Here is a translation of John Paul II's address at today's general audience, which he dedicated to a reflection on Psalm 145(146).
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1. Psalm 145, which we just heard, is an "alleluia," the first of five Psalms that close the whole collection of the Psalter. Hebrew liturgical tradition already used this hymn as a song of praise for the morning: It reaches its culmination in the proclamation of the sovereignty of God over human history. In fact, at the end of the Psalm, it is declared that "the Lord shall reign forever" (verse 10).
A consoling truth is derived from this: We are not abandoned to ourselves, the vicissitudes of our day are not dominated by chaos or fate, the events do not represent a mere succession of acts deprived of any meaning or goal. Starting from this conviction, a true and proper profession of faith in God is developed, celebrated with a kind of litany in which the attributes of love and goodness are proclaimed which are proper to him (see verses 6-9).
2. God is the creator of heaven and earth, and the faithful custodian of the covenant that binds him to his people. It is he who does justice to the oppressed, gives bread to sustain the hungry, and sets prisoners free. It is he who opens the eyes of the blind, raises the one who falls, loves the righteous, protects the stranger, and upholds the orphan and the widow. It is he who disturbs the way of the wicked and reigns sovereign over all beings and all times.
These are 12 theological affirmations that, with their perfect number, wish to express the fullness and perfection of divine action. The Lord is not a sovereign who is distant from his creatures, but is involved in their history, like one who defends justice, aligning himself with the last, the victims, the oppressed, the unhappy.
3. Man finds himself, then, before a radical choice between two contrasting possibilities: On one hand is the temptation to "trust in princes" (see verse 3), adopting their criteria inspired by wickedness, egoism and pride. In reality, this is a slippery and ruinous way, it is "a crooked path and devious way" (see Proverbs 2:15), which has despair as its end.
In fact, the Psalmist reminds us that man is a fragile and mortal being, as the word "'adam" expresses, which in Hebrew refers to earth, matter, dust. Man, the Bible often repeats, is like a palace that crumbles (see Ecclesiastes 12:1-7), a cobweb that the wind rends (see Job 8:14), a blade of grass that is green at dawn and dry at night (see Psalm 89:5-6; 102:15-16). When death comes upon him, all his plans disintegrate and he returns to dust: "When they breathe their last, they return to the earth; that day all their planning comes to nothing" (Psalm 145:4).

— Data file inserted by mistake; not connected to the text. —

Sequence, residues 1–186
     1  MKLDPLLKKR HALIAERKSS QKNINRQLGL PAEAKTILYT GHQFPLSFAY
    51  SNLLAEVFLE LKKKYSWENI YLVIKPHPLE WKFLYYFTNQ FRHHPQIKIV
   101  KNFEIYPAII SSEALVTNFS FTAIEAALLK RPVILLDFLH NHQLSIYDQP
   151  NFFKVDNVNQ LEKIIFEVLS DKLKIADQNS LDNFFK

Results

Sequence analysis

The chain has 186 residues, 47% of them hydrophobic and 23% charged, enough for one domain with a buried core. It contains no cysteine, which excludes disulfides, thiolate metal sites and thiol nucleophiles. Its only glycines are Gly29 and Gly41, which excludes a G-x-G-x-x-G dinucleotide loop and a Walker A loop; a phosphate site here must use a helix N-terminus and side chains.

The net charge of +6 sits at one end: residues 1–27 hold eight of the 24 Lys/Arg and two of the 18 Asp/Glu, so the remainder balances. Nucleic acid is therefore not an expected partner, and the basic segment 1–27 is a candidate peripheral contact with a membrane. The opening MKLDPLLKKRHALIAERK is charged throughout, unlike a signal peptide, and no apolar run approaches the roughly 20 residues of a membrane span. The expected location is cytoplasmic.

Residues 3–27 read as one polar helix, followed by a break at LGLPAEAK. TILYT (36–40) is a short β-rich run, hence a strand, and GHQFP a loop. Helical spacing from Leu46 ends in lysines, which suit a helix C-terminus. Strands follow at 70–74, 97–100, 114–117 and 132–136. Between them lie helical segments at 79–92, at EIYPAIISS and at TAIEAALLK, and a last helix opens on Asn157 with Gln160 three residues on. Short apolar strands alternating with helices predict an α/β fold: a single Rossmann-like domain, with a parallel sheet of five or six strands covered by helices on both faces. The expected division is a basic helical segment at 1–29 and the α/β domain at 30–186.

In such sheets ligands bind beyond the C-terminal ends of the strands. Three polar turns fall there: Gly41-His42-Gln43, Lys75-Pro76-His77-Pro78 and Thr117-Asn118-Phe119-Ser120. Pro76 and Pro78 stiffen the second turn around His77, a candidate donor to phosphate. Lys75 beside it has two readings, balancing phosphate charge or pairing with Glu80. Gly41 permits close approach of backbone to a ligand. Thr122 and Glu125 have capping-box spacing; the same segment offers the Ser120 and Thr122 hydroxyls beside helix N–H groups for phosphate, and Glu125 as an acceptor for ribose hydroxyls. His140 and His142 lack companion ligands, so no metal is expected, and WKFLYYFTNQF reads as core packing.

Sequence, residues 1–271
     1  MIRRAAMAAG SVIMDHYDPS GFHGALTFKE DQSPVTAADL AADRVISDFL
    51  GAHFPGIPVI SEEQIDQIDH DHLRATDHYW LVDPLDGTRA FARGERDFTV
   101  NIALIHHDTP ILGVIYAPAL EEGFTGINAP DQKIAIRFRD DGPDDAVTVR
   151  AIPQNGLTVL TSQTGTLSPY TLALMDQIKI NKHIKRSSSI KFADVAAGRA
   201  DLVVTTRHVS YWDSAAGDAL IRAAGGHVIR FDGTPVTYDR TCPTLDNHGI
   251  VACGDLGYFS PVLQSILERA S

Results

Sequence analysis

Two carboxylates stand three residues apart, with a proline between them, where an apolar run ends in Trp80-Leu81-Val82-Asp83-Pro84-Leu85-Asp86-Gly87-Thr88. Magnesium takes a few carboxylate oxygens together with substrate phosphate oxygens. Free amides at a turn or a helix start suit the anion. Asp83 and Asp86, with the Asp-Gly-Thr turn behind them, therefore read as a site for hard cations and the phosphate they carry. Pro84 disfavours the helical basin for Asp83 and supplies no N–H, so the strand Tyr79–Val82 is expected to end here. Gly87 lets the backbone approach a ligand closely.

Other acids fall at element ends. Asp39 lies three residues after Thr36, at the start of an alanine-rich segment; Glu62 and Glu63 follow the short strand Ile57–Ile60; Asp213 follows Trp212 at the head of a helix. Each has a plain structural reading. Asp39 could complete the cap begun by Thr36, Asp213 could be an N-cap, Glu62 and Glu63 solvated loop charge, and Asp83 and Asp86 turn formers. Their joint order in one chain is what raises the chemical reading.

4. However, man has another possibility before him, exalted by the Psalmist with a beatitude: "Happy those whose help is Jacob's God, whose hope is in the Lord, their God" (verse 5). This is the way of trust in the eternal and faithful God. The amen, which is the Hebrew word of faith, means precisely to be based on the indestructible solidity of the Lord, on his eternity, on his infinite power. But above all it means to share his choices, which the profession of faith and praise, first described by us, has brought to light.
It is necessary to live in adherence to the divine will, to offer bread to the hungry, to visit prisoners, to support and comfort the sick, to defend and welcome strangers, to be dedicated to the poor and miserable. In reality, it is the same spirit of the beatitudes; to decide in favor of that proposal of love that saves us at the end of this life and will then be the object of our examination in the Last Judgment, which will seal history. Then we will be judged on the choice to serve Christ in the hungry, in the thirsty, in the stranger, in the naked, in the sick, in the imprisoned. "Amen, I say to you, whatever you did for one of these least brothers of mine, you did for me" (Matthew 25:40), the Lord will then say.
5. Let us conclude our meditation of Psalm 145 with an idea for reflection offered to us by the subsequent Christian tradition.
Origen, the great writer of the third century, when commenting on Verse 7 of the Psalm, which says: "The Lord gives food to the hungry and sets prisoners free," perceived an implicit reference to the Eucharist: "We are hungry for Christ, and he himself will give us the bread of heaven. 'Give us this day our daily bread.' Those who speak this way, are hungry; those who feel the need for bread, are hungry." And this hunger is fully satiated by the sacrament of the Eucharist, in which man is nourished by the Body and Blood of Christ (see Origen -- Jerome, "74 Omelie sul Libro dei Salmi" [74 Homilies on the Book of Psalms], Milan, 1993, pp. 526-527).
[Translation by ZENIT]
[At the end of the audience, the Holy Father gave this summary in English:]
Dear Brothers and Sisters,
Today's Psalm is the first of the five "alleluias" that close the Book of Psalms. It praises God who reigns sovereign over all creation and is faithful to his covenant. God is ever attentive to the sufferings of his creatures; he acts with justice and shows compassion. We too are called, in the spirit of the Beatitudes, to share with the poor, to defend the oppressed, and to show compassion to those who reflect in their lives the face of the suffering Christ.
I offer a warm welcome to all the English-speaking pilgrims and visitors present in today's audience, especially those from Sierra Leone, England, Scotland, Canada and the United States. I thank the choirs for their praise of God in song. In a special way, I greet the many student groups present. Upon all of you I cordially invoke joy and peace in our Lord Jesus Christ.